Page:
Why Marty Friedman Hopes the Traditional Guitar Solo ‘Dies a Slow and Painful Death’
That's a surprising take from one of metal's more celebrated players, but in the new interview he breaks down exactly why he feels so strongly about the current state of guitar soloing.
Why Marty Friedman Takes Issue With Most Modern Guitar Solos
In the most recent issue of Guitar World, Friedman details his opposition to guitar soloing as we mostly know it today. He explains, "Usually, the lead guitarist comes in, gets an eight-bar solo, plays a bunch of stupid licks, maybe adds something hot and fancy that will impress, and then they get out."
Friedman feels that falling into the mindset he mentioned above "killed guitar solos in American mainstream music." He explains, "The obligation to say, 'I need to do something flashy and get out' – and that’s where the death of the solo notion comes in."
The guitarist, who primarily works as an instrumentalist, admits that he has a little more space to work with in using his guitar in place of vocals. "So, rather than say, 'Here's the obligatory eight-bar solo,' if necessary, I'll be selfish because that's exactly what I want instead of a boring old solo," comments the guitarist.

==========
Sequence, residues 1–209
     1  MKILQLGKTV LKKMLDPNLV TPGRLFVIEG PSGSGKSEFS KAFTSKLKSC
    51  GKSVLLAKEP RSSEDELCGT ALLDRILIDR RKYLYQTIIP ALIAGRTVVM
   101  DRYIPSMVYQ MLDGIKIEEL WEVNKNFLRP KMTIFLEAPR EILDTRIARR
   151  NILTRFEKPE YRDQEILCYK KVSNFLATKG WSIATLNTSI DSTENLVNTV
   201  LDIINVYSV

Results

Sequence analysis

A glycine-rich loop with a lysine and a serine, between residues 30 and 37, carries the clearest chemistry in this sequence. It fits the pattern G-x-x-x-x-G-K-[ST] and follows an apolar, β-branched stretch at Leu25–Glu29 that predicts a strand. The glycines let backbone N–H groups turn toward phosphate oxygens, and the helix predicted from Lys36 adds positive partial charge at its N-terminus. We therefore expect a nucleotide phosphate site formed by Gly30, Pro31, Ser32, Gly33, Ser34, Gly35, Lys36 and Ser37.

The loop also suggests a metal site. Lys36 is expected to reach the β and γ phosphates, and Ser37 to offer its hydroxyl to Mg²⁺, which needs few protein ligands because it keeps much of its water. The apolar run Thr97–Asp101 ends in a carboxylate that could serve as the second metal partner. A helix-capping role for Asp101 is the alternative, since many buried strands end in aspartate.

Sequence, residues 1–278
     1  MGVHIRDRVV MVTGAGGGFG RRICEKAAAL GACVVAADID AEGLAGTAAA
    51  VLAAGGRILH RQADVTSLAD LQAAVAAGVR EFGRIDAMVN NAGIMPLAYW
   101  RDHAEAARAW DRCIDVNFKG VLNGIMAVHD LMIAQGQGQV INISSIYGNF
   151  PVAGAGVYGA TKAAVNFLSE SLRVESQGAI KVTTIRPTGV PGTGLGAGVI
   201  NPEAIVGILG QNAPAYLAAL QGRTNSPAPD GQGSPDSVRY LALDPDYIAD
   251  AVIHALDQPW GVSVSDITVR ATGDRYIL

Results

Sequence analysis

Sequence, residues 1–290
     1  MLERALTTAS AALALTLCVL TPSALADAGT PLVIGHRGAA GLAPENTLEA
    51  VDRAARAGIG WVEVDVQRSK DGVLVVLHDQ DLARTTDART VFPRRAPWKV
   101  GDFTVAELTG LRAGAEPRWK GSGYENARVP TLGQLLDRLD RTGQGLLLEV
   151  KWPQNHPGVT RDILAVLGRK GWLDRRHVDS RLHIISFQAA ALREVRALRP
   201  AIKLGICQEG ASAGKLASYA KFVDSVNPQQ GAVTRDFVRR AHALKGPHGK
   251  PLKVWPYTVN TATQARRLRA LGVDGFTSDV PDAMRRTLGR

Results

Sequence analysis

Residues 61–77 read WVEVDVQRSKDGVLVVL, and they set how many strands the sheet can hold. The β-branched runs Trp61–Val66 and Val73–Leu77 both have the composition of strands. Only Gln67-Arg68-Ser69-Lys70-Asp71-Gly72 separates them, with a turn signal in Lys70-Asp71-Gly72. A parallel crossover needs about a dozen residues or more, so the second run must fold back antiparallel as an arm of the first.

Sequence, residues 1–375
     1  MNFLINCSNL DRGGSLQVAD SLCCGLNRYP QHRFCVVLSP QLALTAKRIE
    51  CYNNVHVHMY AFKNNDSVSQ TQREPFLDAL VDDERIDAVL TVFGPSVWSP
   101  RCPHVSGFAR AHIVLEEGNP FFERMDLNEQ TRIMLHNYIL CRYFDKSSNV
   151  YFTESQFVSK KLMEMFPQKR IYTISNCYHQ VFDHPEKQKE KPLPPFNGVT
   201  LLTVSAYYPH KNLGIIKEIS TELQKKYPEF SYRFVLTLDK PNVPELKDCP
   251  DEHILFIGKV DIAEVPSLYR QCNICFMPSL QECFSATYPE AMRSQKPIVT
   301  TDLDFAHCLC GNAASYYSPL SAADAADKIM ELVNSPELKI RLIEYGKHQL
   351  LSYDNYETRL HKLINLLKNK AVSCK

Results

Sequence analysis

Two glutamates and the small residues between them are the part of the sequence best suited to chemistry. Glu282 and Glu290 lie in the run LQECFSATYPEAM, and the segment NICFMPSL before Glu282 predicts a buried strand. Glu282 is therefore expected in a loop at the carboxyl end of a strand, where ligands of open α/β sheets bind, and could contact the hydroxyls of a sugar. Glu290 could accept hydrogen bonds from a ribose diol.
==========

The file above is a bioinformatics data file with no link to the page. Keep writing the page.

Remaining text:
What Marty Friedman Wants to See From Guitarists
“I hope the traditional guitar solo dies a slow and painful death. Guitar solos need to be inventive,” Friedman stresses in the interview. “They need something to keep listeners involved, especially those who are not learning to play and only listen."
“Because when you're learning to play, you tend to be impressed with anything you can’t do, right? And if you’re young and just catching the guitar bug, that excitement can be magical. It’s like, 'How do they do that!?' That element is awesome... but it means less than zero in everyone else’s eyes."
He continues, “We need guitar music that makes those people feel something. It’s the responsibility of guitarists to bring something to solos that will achieve that.”
The guitarist concludes, “Things look promising because there’s a ton of great guitar work. There are a lot of exciting approaches out there by people who look at the instrument in cool ways."
But, he continues, “All that other eight-bar and tapping stuff; that’s got to be over. There must be something melodically unique that connects us on a higher level. That’s what I’m looking for from guitar today, and I hope it’s what young players are searching for, too.”
What Marty Friedman Is Doing Now
The former Megadeth guitarist has released 17 solo records since 1988. His most recent album was 2021's Tokyo Jukebox 3. The guitarist returns to the road in March, kicking off a U.S. tour that runs through mid-April.
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Gallery Credit: Chad Childers, Loudwire